3

I am new to Reinforcement learning and am currently reading up on the estimation of Q $\pi(s, a)$ values using MC epsilon-soft approach and chanced upon this algorithm. The link to the algorithm is found from this website.

```
def monte_carlo_e_soft(env, episodes=100, policy=None, epsilon=0.01):
if not policy:
policy = create_random_policy(env)
# Create an empty dictionary to store state action values
Q = create_state_action_dictionary(env, policy)
# Empty dictionary for storing rewards for each state-action pair
returns = {} # 3.
for _ in range(episodes): # Looping through episodes
G = 0 # Store cumulative reward in G (initialized at 0)
episode = run_game(env=env, policy=policy, display=False) # Store state, action and value respectively
# for loop through reversed indices of episode array.
# The logic behind it being reversed is that the eventual reward would be at the end.
# So we have to go back from the last timestep to the first one propagating result from the future.
# episodes = [[s1,a1,r1], [s2,a2,r2], ... [Sn, an, Rn]]
for i in reversed(range(0, len(episode))):
s_t, a_t, r_t = episode[i]
state_action = (s_t, a_t)
G += r_t # Increment total reward by reward on current timestep
# if state - action pair not found in the preceeding episodes,
# then this is the only time the state appears in this episode.
if not state_action in [(x[0], x[1]) for x in episode[0:i]]: #
# if returns dict contains a state action pair from prev episodes,
# append the curr reward to this dict
if returns.get(state_action):
returns[state_action].append(G)
else:
# create new dictionary entry with reward
returns[state_action] = [G]
# returns is a dictionary that maps (s,a) : [G1,G2, ...]
# Once reward is found for this state in current episode,
# average the reward.
Q[s_t][a_t] = sum(returns[state_action]) / len(returns[state_action]) # Average reward across episodes
# Finding the action with maximum value.
Q_list = list(map(lambda x: x[1], Q[s_t].items()))
indices = [i for i, x in enumerate(Q_list) if x == max(Q_list)]
max_Q = random.choice(indices)
A_star = max_Q # 14.
# Update action probability for s_t in policy
for a in policy[s_t].items():
if a[0] == A_star:
policy[s_t][a[0]] = 1 - epsilon + (epsilon / abs(sum(policy[s_t].values())))
else:
policy[s_t][a[0]] = (epsilon / abs(sum(policy[s_t].values())))
return policy
```

This algorithm computes the $Q(s, a)$ for all state action value pairs that the policy follows. If $\pi$ is a random policy, and after running through this algorithm, and for each state take the $\max Q(s,a)$ for all possible actions, why would that not be equal to $Q_{\pi^*}(s, a)$ (optimal Q function)?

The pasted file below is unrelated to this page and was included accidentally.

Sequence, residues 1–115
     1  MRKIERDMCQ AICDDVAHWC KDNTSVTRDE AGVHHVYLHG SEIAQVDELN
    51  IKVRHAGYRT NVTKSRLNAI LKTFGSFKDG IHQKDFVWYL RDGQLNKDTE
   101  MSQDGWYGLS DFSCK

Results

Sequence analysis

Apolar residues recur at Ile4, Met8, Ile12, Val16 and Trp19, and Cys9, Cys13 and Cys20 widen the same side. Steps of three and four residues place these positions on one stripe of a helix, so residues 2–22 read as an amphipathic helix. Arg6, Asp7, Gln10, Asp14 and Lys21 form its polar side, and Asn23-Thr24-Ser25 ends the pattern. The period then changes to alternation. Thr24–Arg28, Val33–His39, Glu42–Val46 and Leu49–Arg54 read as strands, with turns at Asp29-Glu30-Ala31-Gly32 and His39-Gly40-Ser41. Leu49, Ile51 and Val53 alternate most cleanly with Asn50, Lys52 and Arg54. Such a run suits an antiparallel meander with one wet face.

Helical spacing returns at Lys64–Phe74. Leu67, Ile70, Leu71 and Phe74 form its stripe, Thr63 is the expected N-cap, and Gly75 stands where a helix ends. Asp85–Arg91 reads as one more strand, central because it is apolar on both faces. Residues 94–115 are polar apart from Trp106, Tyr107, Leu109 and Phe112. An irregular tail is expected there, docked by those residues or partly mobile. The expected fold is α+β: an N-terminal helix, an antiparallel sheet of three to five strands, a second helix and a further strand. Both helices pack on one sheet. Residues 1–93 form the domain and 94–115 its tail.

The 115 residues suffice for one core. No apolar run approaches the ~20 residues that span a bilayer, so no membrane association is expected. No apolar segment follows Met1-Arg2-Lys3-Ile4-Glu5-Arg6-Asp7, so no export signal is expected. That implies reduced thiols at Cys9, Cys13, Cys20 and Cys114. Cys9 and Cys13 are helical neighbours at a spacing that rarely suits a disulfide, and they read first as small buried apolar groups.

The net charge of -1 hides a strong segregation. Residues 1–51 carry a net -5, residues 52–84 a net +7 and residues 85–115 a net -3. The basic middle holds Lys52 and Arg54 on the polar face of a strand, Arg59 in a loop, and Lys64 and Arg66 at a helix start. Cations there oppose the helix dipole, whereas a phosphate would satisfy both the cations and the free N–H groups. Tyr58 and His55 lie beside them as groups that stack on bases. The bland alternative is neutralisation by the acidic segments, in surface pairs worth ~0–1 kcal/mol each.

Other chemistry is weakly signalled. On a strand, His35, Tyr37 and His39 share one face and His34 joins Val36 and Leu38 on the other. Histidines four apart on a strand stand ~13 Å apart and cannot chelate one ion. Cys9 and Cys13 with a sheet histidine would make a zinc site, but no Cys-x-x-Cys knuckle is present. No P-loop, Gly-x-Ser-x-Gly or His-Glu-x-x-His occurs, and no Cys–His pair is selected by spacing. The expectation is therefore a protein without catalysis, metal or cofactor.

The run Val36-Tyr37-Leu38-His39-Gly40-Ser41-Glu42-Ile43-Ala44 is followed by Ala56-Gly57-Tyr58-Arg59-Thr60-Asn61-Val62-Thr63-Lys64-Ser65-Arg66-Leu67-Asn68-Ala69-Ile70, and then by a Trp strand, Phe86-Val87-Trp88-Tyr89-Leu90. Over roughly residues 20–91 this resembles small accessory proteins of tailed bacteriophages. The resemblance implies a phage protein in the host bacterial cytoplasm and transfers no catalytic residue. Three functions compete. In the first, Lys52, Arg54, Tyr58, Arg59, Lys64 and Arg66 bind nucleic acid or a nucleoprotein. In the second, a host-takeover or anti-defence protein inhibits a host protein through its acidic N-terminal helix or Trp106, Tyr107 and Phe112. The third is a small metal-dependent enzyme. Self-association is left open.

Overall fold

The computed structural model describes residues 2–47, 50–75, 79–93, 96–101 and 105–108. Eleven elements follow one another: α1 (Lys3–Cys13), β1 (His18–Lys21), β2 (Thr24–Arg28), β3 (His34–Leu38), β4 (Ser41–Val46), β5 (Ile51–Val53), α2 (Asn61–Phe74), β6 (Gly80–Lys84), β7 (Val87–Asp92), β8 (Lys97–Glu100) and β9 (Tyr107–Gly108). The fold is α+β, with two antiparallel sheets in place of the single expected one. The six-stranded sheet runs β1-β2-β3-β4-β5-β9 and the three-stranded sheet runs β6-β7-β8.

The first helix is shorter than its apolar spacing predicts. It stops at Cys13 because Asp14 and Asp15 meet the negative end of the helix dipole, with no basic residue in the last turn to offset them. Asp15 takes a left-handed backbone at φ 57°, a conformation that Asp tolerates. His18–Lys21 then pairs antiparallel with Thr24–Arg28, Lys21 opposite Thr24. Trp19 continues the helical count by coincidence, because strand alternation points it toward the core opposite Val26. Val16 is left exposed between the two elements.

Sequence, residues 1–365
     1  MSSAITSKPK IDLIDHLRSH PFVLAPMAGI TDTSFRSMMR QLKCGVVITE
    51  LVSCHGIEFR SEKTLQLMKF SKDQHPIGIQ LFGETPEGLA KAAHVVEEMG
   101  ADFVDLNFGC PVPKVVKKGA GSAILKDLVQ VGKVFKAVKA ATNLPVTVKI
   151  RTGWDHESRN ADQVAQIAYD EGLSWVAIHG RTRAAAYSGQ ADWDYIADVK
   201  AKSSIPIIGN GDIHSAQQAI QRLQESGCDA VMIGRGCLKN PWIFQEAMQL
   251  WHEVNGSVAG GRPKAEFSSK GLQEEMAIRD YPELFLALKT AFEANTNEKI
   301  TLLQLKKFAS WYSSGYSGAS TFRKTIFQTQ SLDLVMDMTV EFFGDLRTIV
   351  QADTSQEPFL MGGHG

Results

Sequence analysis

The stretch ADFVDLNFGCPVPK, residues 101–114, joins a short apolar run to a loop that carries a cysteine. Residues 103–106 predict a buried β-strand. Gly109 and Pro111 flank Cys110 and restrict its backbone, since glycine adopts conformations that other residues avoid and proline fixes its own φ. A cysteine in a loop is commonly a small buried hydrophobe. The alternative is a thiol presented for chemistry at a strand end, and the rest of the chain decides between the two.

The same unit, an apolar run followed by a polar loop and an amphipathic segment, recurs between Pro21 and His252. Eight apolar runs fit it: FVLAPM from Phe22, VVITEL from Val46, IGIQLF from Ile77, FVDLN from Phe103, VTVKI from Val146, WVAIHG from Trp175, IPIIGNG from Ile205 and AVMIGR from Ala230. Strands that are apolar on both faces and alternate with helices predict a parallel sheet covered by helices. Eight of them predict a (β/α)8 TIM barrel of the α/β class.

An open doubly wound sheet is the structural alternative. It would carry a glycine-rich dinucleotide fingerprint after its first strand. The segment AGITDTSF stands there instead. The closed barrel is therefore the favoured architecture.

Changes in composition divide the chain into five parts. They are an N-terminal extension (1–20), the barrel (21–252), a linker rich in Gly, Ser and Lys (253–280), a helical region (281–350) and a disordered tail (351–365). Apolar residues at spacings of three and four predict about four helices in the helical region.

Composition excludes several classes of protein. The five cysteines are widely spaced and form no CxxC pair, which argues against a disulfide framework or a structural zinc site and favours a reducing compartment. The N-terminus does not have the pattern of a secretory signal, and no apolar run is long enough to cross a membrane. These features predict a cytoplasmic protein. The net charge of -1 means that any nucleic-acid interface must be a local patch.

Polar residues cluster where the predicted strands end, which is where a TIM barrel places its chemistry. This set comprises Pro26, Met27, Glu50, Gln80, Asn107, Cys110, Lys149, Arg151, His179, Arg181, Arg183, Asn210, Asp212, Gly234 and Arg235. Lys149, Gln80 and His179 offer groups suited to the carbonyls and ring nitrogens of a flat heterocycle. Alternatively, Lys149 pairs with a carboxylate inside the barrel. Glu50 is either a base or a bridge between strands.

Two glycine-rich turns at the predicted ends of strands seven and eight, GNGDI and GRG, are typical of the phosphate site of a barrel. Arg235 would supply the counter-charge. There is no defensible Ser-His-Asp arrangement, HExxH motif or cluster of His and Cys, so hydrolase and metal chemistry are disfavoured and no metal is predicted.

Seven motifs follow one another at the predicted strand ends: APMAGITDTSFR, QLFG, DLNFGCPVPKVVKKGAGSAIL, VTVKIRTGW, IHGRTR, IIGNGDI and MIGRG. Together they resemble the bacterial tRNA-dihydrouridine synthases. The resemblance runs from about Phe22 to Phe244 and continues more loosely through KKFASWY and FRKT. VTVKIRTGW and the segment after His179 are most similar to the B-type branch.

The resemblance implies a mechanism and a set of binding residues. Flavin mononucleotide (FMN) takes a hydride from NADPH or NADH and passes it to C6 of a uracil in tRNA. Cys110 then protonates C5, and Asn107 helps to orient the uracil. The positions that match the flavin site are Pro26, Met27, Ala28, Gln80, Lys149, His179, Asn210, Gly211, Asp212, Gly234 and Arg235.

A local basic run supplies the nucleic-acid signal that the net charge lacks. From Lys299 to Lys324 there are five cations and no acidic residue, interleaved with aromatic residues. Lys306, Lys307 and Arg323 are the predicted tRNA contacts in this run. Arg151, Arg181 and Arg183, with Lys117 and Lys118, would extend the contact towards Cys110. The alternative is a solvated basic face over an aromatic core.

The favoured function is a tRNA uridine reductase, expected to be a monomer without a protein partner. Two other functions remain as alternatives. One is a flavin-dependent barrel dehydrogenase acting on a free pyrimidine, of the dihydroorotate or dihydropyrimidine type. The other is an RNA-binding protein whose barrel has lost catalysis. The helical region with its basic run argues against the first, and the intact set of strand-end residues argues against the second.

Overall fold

From this website, they claim to have been able to find the optimal policy when running through this algorithm.

I have read up a bit on Q-learning and the update equation is different from MC epsilon-soft. However, I can't seem to understand clearly how these 2 approaches are different.

Hey Neil, thanks for answering ! I think I have a clearer understanding of why it is not Q opt ! What do you mean in the second paragraph when you say “stuck measuring immediate differences between ... “ from that point onwards up till the end of the paragraph ? – calveeen – 2020-01-16T13:42:39.803

Thank you, the explanation helped a lot as well ! – calveeen – 2020-01-16T14:21:35.937

I have one more question regarding the last paragraph where you talk about policy iteration. Policy iteration does not necessarily output Q opt in the case where not all actions are explored when following a policy pi, am i right ? If we take the case of a grid problem, where we can move "up" , " down", "left" and "right", then if our current policy specifies move only "right" for cell number (1,1), we would only get the Q value for action move "right", at the end of the whole monte carlo simulation and there would be no way to update the policy for cell number (1,1) ? – calveeen – 2020-01-16T15:21:26.627

@calveen: Policy Iteration from Dynamic Programming explores all state.action pairs. That means it doesn't scale well. However, it is theoretically solid. The example you are asking about is a Monte Carlo updates - these approach optimal policy in a more stochastic way over time. To do that you need to add some randomness - typically epsilon greedy policies, so that sometimes the agent will take a different action than the polciy derived by taking the maximisiing action, and learn about the other directions – Neil Slater – 2020-01-16T16:01:13.150

@calveen: In my second paragraph I am trying to cover that accurate Q(s,a) gives only a one step look ahead. It does not measure longer-term effects. That's what I meant by "stuck" - just that the values do not change instantly for $Q_{\pi}(s_2,

)$ solely because you changed your policy choice when looking at $Q_{\pi}(s_1,)$. You need to make that policy change for real (or in simulation) and then re-estimate your Q values after using it for a while – Neil Slater – 2020-01-16T16:04:52.540